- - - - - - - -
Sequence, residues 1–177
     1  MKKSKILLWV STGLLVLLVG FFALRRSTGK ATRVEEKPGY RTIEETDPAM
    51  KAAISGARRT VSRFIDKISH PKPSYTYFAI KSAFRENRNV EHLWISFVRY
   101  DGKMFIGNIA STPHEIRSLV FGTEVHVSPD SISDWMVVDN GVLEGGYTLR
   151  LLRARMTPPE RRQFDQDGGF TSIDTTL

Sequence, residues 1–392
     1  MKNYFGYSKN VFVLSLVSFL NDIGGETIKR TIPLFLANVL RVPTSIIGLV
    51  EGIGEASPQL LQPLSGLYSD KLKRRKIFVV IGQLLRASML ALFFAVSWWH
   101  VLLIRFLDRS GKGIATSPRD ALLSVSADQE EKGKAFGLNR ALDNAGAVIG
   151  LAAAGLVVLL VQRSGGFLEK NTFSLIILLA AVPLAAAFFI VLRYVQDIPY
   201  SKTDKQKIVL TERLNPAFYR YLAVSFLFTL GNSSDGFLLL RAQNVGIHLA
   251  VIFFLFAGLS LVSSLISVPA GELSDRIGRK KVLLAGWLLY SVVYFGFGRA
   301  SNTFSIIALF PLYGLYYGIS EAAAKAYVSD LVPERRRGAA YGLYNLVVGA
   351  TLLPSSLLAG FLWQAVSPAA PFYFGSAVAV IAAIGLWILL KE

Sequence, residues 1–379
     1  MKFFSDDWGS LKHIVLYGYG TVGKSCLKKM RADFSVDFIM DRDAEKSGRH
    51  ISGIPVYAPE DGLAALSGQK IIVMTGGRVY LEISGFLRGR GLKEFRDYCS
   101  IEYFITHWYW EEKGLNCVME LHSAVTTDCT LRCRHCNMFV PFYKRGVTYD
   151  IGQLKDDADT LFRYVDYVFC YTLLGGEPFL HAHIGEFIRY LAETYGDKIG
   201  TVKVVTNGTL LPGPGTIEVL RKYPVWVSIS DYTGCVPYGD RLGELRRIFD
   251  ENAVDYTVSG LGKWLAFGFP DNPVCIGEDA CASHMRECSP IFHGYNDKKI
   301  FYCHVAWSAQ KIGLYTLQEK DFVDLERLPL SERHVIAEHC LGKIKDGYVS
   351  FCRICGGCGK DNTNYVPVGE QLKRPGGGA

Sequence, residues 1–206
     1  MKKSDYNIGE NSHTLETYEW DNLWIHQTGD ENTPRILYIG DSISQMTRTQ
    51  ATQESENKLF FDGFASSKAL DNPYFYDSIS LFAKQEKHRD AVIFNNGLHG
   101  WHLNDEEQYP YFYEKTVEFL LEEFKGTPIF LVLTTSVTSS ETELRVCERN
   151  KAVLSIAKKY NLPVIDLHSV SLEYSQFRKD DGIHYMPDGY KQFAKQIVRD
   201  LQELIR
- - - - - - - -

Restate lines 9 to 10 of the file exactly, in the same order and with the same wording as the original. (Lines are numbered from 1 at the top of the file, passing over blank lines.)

   101  VLLIRFLDRS GKGIATSPRD ALLSVSADQE EKGKAFGLNR ALDNAGAVIG
   151  LAAAGLVVLL VQRSGGFLEK NTFSLIILLA AVPLAAAFFI VLRYVQDIPY